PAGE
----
The hunt for my first job was a long journey. It started in late September 2018, and extended to mid February 2019.
In the first phase interviews from September to November 2018, I contacted around 6 companies and was shortlisted and accepted by one of them.
Generally, things went well and I was en route to start my first job some time in early January 2019 after a short probation at a company.
But a situation cropped up and I decided to move on and continue my job search, which saw me applying to at around 20 more companies.
It has been more than a month since I was out of job.
The urgency to find a job, coupled with the constant pressure from my parent to “just get a job” and “don’t be so fussy” is slowly but surely getting to me.
However I paid no attention to it, which brings me to an exciting journey of even more interviews.
The second phase: the storm before the calm
The second phase of interviews spans from January to mid February 2019, and was characterised by tremendous uncertainty and doubt.
Rejections and ghosting became second nature to me quickly.
The frustration of going through the wildly varying software engineer interview processes at different companies showed me that it is important to what I am looking out for and the values I bring to the team.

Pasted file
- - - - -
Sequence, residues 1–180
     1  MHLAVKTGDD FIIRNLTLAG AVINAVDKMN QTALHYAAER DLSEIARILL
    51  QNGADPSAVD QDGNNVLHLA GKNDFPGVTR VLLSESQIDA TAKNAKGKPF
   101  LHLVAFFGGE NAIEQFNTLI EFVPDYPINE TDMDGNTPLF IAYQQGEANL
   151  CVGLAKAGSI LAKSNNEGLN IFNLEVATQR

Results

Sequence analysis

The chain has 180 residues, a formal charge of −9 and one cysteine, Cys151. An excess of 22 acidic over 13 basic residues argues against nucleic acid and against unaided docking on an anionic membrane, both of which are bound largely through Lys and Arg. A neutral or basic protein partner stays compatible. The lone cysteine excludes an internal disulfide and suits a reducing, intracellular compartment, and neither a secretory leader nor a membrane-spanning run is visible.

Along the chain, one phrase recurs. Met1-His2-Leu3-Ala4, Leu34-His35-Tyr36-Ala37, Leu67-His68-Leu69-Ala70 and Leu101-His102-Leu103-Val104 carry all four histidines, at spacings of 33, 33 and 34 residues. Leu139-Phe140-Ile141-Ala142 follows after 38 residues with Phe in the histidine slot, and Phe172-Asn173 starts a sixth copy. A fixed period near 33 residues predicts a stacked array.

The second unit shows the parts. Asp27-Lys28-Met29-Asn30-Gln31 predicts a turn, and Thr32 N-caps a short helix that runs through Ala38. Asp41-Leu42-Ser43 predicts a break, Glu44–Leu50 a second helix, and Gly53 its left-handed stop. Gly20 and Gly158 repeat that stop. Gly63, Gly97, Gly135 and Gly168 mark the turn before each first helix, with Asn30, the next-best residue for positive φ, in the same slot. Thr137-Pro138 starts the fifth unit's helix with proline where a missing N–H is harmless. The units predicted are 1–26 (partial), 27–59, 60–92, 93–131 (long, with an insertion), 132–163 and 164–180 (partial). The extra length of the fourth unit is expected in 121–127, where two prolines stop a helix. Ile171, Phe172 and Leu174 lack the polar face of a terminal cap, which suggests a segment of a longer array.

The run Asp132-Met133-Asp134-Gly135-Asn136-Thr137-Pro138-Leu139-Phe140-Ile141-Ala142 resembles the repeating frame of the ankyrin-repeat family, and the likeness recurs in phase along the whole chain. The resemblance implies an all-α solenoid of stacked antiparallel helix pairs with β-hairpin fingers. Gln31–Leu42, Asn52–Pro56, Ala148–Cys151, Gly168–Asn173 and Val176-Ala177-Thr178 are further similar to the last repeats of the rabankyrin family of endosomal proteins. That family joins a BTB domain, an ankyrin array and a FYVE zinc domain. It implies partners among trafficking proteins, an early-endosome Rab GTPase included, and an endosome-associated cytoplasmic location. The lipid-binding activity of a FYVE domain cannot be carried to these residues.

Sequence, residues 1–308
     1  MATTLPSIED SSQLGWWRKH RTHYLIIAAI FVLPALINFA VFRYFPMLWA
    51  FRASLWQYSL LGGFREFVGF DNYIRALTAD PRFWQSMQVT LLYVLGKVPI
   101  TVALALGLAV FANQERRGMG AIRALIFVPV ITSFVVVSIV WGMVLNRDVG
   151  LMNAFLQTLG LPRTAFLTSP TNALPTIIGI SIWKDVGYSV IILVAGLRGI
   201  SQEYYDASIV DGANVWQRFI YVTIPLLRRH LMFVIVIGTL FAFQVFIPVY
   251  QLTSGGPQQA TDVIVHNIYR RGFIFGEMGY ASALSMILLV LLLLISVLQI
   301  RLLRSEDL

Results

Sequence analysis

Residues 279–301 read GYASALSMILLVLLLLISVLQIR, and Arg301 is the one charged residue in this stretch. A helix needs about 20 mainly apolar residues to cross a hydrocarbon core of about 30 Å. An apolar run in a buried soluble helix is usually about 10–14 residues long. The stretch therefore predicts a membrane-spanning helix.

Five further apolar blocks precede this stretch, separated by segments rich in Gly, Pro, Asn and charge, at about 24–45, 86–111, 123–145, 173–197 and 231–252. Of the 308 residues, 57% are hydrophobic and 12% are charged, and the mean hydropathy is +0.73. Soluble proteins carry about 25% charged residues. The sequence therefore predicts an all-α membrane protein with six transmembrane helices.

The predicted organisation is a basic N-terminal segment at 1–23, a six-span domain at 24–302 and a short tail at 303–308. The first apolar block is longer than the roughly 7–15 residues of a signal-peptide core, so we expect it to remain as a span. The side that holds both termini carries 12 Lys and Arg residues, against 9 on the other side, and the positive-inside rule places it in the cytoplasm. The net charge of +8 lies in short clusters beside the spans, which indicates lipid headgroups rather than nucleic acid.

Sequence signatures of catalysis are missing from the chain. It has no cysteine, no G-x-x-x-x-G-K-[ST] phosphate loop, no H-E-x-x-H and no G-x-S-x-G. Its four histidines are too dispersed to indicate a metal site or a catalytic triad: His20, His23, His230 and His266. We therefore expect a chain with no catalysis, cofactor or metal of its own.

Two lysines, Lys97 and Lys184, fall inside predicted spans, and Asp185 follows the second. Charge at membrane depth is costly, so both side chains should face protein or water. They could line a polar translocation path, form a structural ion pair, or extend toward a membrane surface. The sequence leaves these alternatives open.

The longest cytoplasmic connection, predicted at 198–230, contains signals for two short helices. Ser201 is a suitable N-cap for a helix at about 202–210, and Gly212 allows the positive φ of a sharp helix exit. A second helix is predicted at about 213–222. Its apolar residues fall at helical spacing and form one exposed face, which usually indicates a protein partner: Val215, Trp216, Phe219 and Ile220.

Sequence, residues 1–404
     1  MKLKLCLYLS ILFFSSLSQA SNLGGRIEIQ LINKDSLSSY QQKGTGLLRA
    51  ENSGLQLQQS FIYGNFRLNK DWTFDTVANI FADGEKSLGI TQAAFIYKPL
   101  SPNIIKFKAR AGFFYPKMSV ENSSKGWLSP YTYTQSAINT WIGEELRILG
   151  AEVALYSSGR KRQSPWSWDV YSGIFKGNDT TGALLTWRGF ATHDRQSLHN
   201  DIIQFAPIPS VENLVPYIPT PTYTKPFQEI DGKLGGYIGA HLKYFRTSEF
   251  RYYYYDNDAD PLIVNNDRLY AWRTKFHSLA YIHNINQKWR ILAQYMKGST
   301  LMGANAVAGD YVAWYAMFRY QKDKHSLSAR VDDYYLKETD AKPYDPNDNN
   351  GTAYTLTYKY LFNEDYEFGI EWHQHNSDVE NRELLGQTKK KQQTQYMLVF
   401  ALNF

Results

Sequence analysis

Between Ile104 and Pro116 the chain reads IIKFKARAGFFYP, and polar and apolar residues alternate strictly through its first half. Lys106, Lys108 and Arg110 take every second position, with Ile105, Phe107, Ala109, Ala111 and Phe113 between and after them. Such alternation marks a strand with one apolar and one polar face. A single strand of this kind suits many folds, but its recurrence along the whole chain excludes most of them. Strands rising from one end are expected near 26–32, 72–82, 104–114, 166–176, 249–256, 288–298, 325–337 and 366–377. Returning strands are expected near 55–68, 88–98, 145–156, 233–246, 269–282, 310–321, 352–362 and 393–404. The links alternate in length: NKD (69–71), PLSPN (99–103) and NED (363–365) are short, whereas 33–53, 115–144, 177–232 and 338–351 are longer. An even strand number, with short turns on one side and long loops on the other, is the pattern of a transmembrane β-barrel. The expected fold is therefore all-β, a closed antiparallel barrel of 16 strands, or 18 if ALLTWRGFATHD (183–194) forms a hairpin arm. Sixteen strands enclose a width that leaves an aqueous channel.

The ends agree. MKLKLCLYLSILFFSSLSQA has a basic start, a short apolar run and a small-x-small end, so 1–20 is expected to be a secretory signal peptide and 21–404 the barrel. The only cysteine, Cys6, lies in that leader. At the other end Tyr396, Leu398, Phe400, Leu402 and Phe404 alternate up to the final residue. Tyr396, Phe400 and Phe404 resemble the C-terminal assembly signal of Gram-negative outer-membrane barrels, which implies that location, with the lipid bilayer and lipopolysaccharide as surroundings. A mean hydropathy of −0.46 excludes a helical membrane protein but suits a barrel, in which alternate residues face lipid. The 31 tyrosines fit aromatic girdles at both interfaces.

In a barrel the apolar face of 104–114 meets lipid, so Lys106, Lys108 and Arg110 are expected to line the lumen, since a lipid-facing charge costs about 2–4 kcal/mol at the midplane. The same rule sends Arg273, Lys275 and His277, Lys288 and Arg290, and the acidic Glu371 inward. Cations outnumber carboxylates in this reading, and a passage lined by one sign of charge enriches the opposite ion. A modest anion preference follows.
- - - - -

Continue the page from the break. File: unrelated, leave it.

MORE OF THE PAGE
I dropped them as soon as I detected red flags that I find it unacceptable to work with:
- a phone call just to ask me about my graduation date and github profile, which are stated in my resume
- hiring manager who doesn’t know what kind of team member he is looking for, such as trying to squeeze out as many programming languages out of an applicant as possible, like throwing a net, hoping to catch the biggest fish.
- a continuation of the previous point: a hiring manager that hum and haws half the time, which certainly doesn’t help to instill confidence in me that he is capable of building and leading a team of software engineers to achieve the business mission.
All these trials are the lessons I needed to learn in order to be a better and well rounded person, to make a well-informed decision regarding career and life.
Throughout the entire process, I am glad I have learned to set my own standards, as well as having clarity about the value I bring to employers, instead of complaining about how life is unfair and giving up, or take the easy route to accept offers that I didn’t find fulfilling and favourable.
If there is anything I learned from job hunting, it is to evaluate the company as much as they are evaluating me.
Beyond the job description, learn as much about the hiring manager and business executives as possible.
The light at the end of the tunnel
Finally, with some self-work and a little bit of luck, I managed to secure a job that I really wanted. I had great impression of the company and leadership, and am confident in levelling up myself by working for them.
In all honesty, I didn’t quite see this coming and it would be easy to say that hard work always prevails with the clear lens of hindsight.
For now, it is an achievement unlocked and I am looking forward to unlock many more in the future!